Serve the People: Making Asian America in the Long Sixties
by Karen L. Ishizuka
Foreword by Jeff Chang
“Serve the People describes beautifully not merely the making of a people but an entire era.” – Gary Y. Okihiro, author of American History Unbound: Asians and Pacific Islanders
Until the political ferment of the Long Sixties, there were no Asian Americans. There were only isolated communities of mostly Chinese, Japanese, and Filipinos lumped together as “Orientals.” Serve the People tells the story of the social and cultural movement that knit these disparate communities into a political identity, the history of how—and why—the double consciousness of Asian America came to be.
Fossil Capital: The Rise of Steam Power and the Roots of Global Warming
by Andreas Malm
“The definitive deep history on how our economic system created the climate crisis. Superb, essential reading from one of the most original thinkers on the subject.” – Naomi Klein, author of This Changes Everything and The Shock Doctrine
Sweeping from nineteenth-century Manchester to the emissions explosion in China, from the original triumph of coal to the stalled shift to renewables, this study hones in on the burning heart of capital and demonstrates, in unprecedented depth, that turning down the heat will mean a radical overthrow of the current economic order.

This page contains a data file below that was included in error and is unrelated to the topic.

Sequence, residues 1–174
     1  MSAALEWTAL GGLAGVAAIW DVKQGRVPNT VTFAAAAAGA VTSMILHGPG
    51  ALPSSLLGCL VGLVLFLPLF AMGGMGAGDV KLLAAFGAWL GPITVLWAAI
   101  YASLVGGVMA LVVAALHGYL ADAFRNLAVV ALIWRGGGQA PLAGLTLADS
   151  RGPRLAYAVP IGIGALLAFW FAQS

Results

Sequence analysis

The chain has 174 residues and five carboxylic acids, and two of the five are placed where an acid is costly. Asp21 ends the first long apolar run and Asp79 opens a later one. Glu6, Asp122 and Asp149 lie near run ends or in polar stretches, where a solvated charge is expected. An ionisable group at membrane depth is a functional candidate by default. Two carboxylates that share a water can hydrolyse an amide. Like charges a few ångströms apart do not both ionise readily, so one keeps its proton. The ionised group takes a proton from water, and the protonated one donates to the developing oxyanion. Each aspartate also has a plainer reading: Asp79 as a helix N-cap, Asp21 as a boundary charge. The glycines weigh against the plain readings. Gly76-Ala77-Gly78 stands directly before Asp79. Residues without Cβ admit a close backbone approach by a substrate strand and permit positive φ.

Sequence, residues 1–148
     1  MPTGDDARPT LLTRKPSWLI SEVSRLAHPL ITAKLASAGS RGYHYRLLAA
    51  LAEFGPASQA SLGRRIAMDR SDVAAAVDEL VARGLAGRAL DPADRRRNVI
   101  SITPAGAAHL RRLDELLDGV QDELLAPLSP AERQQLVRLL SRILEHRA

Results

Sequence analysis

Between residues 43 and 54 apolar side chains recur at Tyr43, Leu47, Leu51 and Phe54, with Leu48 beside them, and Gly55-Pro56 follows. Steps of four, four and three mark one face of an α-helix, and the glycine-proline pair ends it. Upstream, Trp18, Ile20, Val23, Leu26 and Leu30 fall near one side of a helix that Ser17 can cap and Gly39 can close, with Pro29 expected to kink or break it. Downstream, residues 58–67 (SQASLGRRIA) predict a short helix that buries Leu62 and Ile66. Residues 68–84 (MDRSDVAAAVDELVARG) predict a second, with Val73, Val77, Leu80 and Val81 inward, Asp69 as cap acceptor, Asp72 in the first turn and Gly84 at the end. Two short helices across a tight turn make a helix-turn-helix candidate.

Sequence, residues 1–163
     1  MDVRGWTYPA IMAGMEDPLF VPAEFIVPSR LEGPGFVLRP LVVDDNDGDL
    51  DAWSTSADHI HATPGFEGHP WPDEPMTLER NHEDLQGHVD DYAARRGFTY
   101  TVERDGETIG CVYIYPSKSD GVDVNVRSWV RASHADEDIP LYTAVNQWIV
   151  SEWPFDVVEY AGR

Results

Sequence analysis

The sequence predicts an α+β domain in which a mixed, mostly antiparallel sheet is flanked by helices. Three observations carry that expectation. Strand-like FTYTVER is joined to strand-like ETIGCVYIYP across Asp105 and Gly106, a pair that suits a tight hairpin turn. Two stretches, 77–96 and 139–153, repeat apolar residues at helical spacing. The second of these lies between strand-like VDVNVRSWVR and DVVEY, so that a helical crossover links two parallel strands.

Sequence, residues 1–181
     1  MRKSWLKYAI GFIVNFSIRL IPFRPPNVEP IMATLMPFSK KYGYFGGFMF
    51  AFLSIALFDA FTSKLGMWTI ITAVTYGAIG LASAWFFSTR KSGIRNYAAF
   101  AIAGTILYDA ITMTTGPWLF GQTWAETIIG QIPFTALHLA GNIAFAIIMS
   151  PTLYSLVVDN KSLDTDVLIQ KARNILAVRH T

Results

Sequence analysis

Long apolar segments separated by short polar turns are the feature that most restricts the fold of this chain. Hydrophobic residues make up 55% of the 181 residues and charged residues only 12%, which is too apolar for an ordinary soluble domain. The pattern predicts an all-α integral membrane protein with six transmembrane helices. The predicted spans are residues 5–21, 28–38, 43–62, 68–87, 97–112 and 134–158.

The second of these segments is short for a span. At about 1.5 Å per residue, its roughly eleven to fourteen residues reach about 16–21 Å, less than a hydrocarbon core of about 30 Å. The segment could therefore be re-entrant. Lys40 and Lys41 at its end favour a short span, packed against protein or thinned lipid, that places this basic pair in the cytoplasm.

Inventing the Future: Postcapitalism and a World Without Work
by Nick Srnicek and Alex Williams
“A fascinating book about an alternative to austerity.” – Owen Jones
Inventing the Future is a bold new manifesto for life after capitalism. Against the confused understanding of our high-tech world by both the right and the left, this book claims that the emancipatory and future-oriented possibilities of our society can be reclaimed.
A History of the Barricade
by Eric Hazan
In the history of European revolutions, the barricade stands as a glorious emblem. Its symbolic importance arises principally from the barricades of Eric Hazan’s native Paris, where they were instrumental in the revolts of the nineteenth century, helping to shape the political life of a continent.
Hazan traces the many stages in the barricade’s evolution, from the Wars of Religion through to the Paris Commune, drawing on the work of thinkers throughout the periods examined to illustrate and bring to life the violent practicalities of revolutionary uprising.
The “S” Word: A Short History of an American Tradition … Socialism
by John Nichols